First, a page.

Google's new cloud CRUSHES Amazon in RAM battle

Henry Ford 2.0 has a new competitor, and punters should rejoice

Application security programs and practises

If Amazon is an arms dealer, then Google is an army that happens to also sell guns. For this reason, Google's general-availability release of its IaaS cloud is a key moment in the evolution of as-a-service IT, as it represents the arrival of a truly competitive market for rentable compute and storage.

With Monday's launch, Google has introduced new instances, cut prices, and broadened Linux support for its cloud. So far, so usual, but an analysis by El Reg indicates that this release poses a real competitive challenge to cloud kingpin Amazon.

Though Amazon operates a broader range of services and instances, Google's new rentable servers are a good proposition for thrifty developers, as they provide more RAM-per-dollar than Amazon, on average. Getting a decent RAM allocation is one of the best ways devs can speed up cloudy apps, such as databases, without having to invest in either dedicated hardware or high-end instances.

Google's competitiveness here reflects the architecture of the company's overall cloud, which favors a multi-million server scale-out approach that gives each node reasonable RAM, a few reliable processors, and blazing fast flash storage.

This compares with Amazon, which fields some of these capabilities but also sells a broader range of high-CPU, high-network, and other SKUs.


Google's new release puts further pressure on AWS's RAM prices

By offering developers a lower overall RAM cost per-instance, Google has made its rentable servers attractive to applications that need to thrash a low-latency, high-response memory tier.

Google has also stepped up to take on Amazon with high-CPU instances, which should force price competition in an area crucial for as-a-service supercomputing – a nascent technology that holds great promise for cash-strapped academics that can't get the necessary hardware from their university.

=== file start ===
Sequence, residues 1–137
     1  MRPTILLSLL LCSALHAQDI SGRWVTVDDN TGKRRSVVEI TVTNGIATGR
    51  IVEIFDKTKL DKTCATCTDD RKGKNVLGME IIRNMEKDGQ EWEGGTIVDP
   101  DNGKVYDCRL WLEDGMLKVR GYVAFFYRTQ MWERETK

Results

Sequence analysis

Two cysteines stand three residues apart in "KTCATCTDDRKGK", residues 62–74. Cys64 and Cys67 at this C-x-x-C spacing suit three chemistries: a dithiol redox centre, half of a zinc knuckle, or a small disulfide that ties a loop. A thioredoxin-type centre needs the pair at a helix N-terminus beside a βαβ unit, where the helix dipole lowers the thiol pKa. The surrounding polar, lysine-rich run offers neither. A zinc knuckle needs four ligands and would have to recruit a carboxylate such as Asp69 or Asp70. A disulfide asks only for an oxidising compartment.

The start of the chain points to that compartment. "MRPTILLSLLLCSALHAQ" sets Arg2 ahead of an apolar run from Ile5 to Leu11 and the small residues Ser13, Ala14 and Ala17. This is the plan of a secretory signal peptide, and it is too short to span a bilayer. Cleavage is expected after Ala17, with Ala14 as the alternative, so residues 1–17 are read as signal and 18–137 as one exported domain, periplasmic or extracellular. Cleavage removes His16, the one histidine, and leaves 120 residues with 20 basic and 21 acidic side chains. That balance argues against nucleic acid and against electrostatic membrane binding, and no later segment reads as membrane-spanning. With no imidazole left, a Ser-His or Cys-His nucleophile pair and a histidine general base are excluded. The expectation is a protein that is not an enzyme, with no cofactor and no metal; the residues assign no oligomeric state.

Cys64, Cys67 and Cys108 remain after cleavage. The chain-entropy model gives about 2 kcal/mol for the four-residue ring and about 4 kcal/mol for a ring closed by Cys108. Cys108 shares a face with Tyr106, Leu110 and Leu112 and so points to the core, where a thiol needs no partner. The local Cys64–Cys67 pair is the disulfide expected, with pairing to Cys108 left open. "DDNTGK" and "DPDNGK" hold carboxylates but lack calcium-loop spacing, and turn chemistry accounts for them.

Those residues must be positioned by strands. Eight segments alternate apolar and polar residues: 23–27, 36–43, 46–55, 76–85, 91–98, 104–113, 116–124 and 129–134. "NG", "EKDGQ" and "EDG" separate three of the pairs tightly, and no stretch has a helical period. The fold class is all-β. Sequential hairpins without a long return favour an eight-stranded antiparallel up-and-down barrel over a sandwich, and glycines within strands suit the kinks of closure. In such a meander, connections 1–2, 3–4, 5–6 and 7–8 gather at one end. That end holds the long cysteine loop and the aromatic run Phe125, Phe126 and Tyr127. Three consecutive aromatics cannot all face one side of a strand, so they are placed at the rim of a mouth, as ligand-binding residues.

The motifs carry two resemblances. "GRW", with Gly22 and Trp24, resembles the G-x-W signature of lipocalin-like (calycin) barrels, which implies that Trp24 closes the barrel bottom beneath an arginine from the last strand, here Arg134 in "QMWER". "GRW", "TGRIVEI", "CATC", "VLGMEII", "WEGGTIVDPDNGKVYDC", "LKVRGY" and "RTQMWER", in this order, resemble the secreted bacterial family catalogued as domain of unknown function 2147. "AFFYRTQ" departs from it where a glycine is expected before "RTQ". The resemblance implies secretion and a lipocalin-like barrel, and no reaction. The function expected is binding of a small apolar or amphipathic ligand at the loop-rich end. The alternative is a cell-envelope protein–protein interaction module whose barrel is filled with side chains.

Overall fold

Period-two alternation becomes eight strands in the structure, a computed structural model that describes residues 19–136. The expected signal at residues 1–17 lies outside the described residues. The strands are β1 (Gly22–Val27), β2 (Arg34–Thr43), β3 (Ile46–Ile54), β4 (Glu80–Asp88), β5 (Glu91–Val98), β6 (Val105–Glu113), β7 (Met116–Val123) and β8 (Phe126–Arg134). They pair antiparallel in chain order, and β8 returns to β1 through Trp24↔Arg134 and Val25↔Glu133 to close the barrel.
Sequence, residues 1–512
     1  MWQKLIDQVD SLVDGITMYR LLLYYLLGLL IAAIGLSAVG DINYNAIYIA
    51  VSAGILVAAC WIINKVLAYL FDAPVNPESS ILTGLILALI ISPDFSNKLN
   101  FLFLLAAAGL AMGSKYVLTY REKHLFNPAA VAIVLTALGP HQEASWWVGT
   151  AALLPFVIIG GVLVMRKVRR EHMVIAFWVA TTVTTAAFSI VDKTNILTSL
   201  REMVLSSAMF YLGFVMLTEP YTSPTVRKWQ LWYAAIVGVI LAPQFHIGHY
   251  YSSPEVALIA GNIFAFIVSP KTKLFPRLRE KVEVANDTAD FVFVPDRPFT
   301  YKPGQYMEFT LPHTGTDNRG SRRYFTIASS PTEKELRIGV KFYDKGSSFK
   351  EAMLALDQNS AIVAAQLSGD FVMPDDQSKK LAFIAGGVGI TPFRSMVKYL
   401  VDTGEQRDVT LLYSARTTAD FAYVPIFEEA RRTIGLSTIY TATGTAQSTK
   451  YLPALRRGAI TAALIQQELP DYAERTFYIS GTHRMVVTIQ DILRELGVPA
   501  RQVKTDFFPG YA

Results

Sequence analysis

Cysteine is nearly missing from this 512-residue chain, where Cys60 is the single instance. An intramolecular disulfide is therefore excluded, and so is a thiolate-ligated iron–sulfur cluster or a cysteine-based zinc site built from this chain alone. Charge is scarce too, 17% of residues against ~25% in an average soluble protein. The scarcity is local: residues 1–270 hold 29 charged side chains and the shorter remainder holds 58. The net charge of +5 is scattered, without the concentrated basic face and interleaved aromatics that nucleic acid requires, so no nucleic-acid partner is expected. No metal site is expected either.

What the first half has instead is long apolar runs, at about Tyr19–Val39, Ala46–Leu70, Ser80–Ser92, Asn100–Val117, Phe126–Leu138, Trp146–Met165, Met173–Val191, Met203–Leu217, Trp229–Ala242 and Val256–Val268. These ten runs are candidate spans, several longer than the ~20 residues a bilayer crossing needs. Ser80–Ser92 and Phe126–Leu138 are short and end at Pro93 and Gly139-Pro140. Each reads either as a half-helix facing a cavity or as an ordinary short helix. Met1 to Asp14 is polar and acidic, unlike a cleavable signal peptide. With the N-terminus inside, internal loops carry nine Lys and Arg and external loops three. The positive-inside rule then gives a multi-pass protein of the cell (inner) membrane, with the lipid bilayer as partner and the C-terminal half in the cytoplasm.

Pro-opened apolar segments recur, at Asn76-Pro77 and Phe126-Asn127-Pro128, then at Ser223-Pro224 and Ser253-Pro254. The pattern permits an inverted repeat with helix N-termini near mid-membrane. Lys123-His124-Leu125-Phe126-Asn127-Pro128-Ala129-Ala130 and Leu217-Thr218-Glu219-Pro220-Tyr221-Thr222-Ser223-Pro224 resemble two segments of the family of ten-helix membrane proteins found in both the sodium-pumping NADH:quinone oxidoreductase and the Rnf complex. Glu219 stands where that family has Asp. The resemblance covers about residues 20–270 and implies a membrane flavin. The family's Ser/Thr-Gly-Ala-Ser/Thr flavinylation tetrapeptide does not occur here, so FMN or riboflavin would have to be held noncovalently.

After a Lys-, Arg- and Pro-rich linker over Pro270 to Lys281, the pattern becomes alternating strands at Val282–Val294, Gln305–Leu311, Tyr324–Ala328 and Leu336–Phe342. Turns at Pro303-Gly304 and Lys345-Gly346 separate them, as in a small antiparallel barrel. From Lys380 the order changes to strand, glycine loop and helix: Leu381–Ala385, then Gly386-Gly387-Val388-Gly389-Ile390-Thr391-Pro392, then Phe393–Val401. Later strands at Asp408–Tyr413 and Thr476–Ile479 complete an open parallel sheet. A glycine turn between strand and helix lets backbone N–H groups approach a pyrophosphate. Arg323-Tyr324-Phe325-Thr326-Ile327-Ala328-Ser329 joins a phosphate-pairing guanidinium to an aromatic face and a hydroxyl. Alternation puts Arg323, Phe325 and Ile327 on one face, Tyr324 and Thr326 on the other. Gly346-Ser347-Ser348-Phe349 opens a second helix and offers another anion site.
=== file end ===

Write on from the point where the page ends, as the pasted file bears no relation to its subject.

Amazon is still the leader for vCPUs

Just as Amazon has a few pet examples for cloud supercomputing, such as its regularly trotted out PR case study of cycle computing, so too does Google – but this update shows Google is also serious about offering these capabilities as a commercial endeavor rather than as an easy way to get headlines.

Amazon, though, is far more competitive than other providers in terms of how many virtual CPUs it can make available per instance. This, however, comes with the cost of the hugely unpredictable performance properties of AWS. Google is a more stable system, so although it fields fewer vCPUs, they may have more predictable performance.

The release also means that "the big three" clouds of Microsoft, Google, and Amazon are all now in general availability for core compute services. This will lead to a new phase of competition among these companies to win enterprise accounts, and should hopefully lead to further price cuts for the punter.


It takes a ton of resources to operate a competitive cloud

An analysis by El Reg earlier this year of the cumulative capital investment of these companies to date indicated that both Microsoft and Google have huge stores of as-yet-unutilized IT to draw on in their fight with Amazon, posing real competition for Bezos & Co., who have been unworried by smaller competitors such as Rackspace.

Perhaps most importantly, out of Microsoft, Amazon, and Google, the latter is by far the most technologically advanced firm. Amazon may have the experience, and Microsoft may have the knowledge that comes from supporting a range of diverse services, but Google employs the most capable people and operates some of the more advanced technologies. We already have evidence of this in flashy cloud tools such as live VM migration and SDN-enabled network reconfigurability, but given the mammoth capabilities of the upcoming "Omega" scheduler, we expect to see much invention out of the ad-slinger.

Google's launch stands in stark contrast to HP, whose own "general availability" cloud release brought with it more "known issues" than "features". HP's OpenStack-based cloud is not able to spin up more than 100 instances at a time without having problems, yet in a promotional video Google demonstrated the concurrent launch of 1,000 apparently healthy VMs. So far, El Reg has seen no evidence that OpenStack-based clouds can be more competitive either on price or performance than the proprietary systems fielded by the big three, and Google's launch stresses that point yet again.

Though cloud computing is a relatively niche part of the overall IT landscape, it is expected to gobble up an ever-larger share of IT spend. For this reason, El Reg's floating cloud bureau welcomes Google's cloud update, and looks forward to another year of brutal reprisal price cuts by its (increasingly-unnerved) rivals. ®


Reg readers: if you find this type of analysis useful, then let us know, and if there's other data you'd like us to delve into, please make your voices heard in the comments.

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